1. Continue limnological studies at American Falls Reservoir when a normal water year is expected. The last two years have shown what conditions are like during low water. Another low water year is expected in 1990.

2. Artificial structures failed to attract game fish. We should not attempt to create additional game fish holding cover without solving apparent limitations in spawning and rearing cover/habitat related to drawdown.

3. Do not stock trout directly in the Snake River below American Falls Dam. Turbine mortality is a factor which probably cannot be changed. Turbine mortalities could be circumvented by planting trout of the desired size in the river. However, this would ignore the growth obtained by the hatchery fish in the reservoir and the opportunity for a reservoir fishery. 4. Trout strains better suited to the high reservoir temperatures should be considered for introductions. Temperature and oxygen conditions in the reservoir appear marginal for the different strains of rainbow trout planted to date. This includes Mt. Whitney and Mt. Lassen rainbow trout, as well as those from the Departments Hayspur Hatchery. We do not believe that high temperature and low oxygen conditions for trout can be improved substantially through changes in reservoir operations under current irrigation drawdowns. ACKNOWLEDGEMENTS

Dave Streubel and Doug Taki helped with the collection of the data, and Bruce Rieman with study design and review. Personnel from both the U.S. Bureau of Reclamation and the Idaho Power Company helped with the penstock injection of fish and tag recovery efforts, respectively. Personnel from American Falls Hatchery provided equipment and help when needed. Richard Inouye of Idaho State University helped with the statistical analysis. LITERATURE CITED

American Public Health Association, American Water Works Association, Water Pollution Control Fed., 1985. Standard Methods for the examination of water and waste water, American Public Health Association, Inc. Washington D.C.

Bushnell, V.C. 1969. Eutrophication investigations of American Falls Reservoir. U.S. Bureau of Reclamation, Pacific Northwest Region.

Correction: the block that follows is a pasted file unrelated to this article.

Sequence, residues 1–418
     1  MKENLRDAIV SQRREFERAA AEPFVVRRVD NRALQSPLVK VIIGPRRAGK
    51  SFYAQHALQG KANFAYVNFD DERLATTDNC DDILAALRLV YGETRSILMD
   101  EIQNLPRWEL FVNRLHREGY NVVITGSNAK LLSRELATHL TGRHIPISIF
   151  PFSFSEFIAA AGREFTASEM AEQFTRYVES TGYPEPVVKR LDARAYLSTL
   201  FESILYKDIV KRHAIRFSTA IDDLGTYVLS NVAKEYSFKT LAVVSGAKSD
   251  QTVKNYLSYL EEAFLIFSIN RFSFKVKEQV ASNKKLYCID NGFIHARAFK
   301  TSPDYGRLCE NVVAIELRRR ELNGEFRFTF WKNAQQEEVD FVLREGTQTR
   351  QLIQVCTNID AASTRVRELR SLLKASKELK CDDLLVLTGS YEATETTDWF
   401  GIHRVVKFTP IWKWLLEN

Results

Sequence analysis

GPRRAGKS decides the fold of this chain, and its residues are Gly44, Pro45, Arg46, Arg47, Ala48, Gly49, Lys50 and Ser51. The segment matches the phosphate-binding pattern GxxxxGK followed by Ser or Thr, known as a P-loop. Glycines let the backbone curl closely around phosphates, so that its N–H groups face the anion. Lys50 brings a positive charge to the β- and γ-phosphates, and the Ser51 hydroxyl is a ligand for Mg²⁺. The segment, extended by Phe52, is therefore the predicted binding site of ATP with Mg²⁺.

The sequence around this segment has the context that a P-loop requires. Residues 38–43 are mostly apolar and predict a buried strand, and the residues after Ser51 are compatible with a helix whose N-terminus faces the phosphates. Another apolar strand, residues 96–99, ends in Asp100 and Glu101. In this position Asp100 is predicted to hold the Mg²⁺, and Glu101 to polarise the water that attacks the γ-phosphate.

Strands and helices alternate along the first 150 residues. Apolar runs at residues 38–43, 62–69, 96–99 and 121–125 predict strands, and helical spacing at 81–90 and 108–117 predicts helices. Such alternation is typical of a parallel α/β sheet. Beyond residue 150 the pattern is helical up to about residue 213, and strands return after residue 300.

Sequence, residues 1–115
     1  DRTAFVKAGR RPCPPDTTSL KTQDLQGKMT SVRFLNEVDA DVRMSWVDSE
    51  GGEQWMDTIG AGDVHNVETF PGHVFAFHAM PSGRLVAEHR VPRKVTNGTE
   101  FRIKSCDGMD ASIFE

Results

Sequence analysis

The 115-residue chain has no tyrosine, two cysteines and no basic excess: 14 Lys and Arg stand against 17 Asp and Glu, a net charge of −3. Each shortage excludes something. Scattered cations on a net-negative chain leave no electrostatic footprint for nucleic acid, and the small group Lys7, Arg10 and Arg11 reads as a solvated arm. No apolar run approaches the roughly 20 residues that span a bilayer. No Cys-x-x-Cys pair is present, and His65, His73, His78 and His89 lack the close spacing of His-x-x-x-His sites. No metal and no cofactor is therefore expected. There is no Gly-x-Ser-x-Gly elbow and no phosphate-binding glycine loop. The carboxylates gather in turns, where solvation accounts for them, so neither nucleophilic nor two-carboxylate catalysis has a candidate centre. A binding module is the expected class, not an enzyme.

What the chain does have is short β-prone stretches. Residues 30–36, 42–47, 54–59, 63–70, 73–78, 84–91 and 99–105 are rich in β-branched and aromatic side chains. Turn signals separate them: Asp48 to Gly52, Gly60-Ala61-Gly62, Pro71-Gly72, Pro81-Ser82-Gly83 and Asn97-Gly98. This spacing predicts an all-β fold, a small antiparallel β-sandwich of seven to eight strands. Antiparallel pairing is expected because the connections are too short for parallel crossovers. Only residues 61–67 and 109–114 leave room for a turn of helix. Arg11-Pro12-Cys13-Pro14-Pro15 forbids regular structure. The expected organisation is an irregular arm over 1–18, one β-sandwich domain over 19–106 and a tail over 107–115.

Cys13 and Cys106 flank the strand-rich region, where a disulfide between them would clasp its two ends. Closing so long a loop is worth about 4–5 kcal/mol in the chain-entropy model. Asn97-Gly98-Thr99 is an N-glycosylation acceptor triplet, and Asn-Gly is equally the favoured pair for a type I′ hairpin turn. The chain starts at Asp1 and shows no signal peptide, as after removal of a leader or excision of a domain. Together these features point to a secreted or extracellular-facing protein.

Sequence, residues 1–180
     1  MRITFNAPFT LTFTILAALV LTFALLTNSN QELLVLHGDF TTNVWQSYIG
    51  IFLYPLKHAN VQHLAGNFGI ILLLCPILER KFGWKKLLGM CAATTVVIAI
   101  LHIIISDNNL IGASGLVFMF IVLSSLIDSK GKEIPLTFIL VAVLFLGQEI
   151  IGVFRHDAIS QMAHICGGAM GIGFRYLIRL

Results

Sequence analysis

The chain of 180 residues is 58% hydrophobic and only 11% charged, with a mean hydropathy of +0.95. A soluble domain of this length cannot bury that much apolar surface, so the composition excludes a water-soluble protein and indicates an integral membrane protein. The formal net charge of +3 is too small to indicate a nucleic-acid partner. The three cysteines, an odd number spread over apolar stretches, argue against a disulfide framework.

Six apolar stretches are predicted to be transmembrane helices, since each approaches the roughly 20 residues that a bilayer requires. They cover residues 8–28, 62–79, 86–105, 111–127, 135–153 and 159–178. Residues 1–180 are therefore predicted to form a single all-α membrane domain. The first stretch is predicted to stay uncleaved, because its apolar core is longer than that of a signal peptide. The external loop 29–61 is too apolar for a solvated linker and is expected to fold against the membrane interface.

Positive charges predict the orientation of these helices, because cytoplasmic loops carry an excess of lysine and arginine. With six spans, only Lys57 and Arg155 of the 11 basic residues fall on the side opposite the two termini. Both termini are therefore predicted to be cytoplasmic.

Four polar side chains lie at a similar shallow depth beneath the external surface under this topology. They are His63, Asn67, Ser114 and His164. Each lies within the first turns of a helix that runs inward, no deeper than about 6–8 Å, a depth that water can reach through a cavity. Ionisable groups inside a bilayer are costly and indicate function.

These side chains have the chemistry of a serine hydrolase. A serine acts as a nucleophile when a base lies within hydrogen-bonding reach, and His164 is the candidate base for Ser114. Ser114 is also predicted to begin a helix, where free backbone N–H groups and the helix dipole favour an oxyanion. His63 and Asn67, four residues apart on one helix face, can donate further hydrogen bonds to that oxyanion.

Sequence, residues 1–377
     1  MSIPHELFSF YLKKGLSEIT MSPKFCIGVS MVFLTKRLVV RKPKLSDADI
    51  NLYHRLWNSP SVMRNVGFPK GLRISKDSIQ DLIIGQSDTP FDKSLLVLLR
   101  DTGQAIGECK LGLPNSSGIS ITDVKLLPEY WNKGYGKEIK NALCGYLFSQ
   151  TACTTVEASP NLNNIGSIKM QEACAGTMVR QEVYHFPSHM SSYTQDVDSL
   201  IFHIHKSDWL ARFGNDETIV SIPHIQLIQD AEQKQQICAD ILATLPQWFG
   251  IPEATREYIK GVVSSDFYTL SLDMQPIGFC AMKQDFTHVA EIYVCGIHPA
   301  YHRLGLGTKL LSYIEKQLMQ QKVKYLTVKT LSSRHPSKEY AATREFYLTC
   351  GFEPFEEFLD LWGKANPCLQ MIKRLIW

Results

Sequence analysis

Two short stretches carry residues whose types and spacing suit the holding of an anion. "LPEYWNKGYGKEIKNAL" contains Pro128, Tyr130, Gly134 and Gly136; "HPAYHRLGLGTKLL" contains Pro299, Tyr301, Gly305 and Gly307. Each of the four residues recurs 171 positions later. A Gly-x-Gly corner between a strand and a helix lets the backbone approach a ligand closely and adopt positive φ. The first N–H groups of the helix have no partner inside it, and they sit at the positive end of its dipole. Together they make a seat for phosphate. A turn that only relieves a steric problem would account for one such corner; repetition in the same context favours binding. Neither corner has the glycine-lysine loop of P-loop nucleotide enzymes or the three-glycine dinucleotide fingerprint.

Cox, David A. Planning of Experiments. Wiley and Sons, 1958.

Edwards, E.A., D.A. Krieger, M. Bacteller, and O.E. Maughan. 1982. Habitat suitability index models: Black crappie. U.S.D.I. Fish and Wildlife Service. FWS/OBS-82/10.6.

Edwards, E.A., G. Gebhart, and O.E. Maughan. 1983. Habitat suitability information: Smallmouth bass. U.S.D.I. Fish and Wildlife Service FWS/OBS- 82/10.36.

Eicher Associates, Inc. 1987. Turbine-related fish mortality: review and evaluation of studies. Project 2694-4, Final Report to the Electric Power Research Institute. November 1987. Portland, Oregon.

Evans, W.A., and B. Johnston. 1980. Fish Migration and Fish Passage. U.S.D.A. Forest Service, Washington, D.C. 20013.

Heimer, J.T. 1984. American Falls-Snake River Fisheries Investigations. Idaho Department of Fish and Game Job Report. Project F-73-R-3. Final Report to Idaho Power Company. Boise, Idaho.

Heimer, J.T. 1989. American Falls Reservoir Studies. Idaho Department of Fish and Game Job Report, Project F-71-R-11. Boise, Idaho.

Idaho Power Company. 1973. American Falls Power Plant-Environmental Statement, Boise, Idaho.

Jarmon, T.L. 1973. Mercury accumulation in yellow perch Perca flavescens correlated with age and growth. M.S. Thesis, Idaho State University, Pocatello, Idaho.

Johnson, D.W., D. Campbell, and C. Kent. 1977. Availability and concentration of pollutants from American Falls Reservoir sediments to forage and predaceous fishes. Idaho Water Resource Research Institute. Technical Completion Report, Project A-043-IDA, Moscow, Idaho.

Krieger, D.A., J.W. Terrell, and P.C. Nelson. 1983. Habitat suitability information: Yellow perch. U.S.D.I. Fish Wildlife Service. FWS/OBS-83/10.55. Washington, D.C. Lynch W.E. and D.L. Johnson. 1988. Bluegill and crappie use of nearshore structure. Final Report. Ohio Department of Natural Resources. Project F-57-R, Study 10. Columbus, Ohio.

Reininger, B. et al. 1983. Cascade Fishery Investigations. Idaho Department of Fish and Game. Job Performance Report. Project F-73-R-4, Subproject III, Boise, Idaho.

Taylor R.E. and B. Kynard. 1985. Mortality of juvenile American shad and blueback herring passed through a low-head kaplan hydroelectric turbine. Transactions of the American Fisheries Society 114:430-435.

Threinen, C.W. 1958. Cause of mortality of a midsummer plant of rainbow trout in a southern Wisconsin lake, with notes on acclimation and lethal temperatures. Progressive Fish Culturist. 20:27-32.

U.S. Bureau of Reclamation. 1979. American Falls Reservoir, Area Capacity Table. Boise, Idaho.

Van Velson, R.C. 1986. Techniques for measuring summer trout habitat in coolwater reservoirs of Colorado. Colorado Department of Natural Resources Fishery Information Leaflet Number 38. Project F-60-R. Denver, Colorado.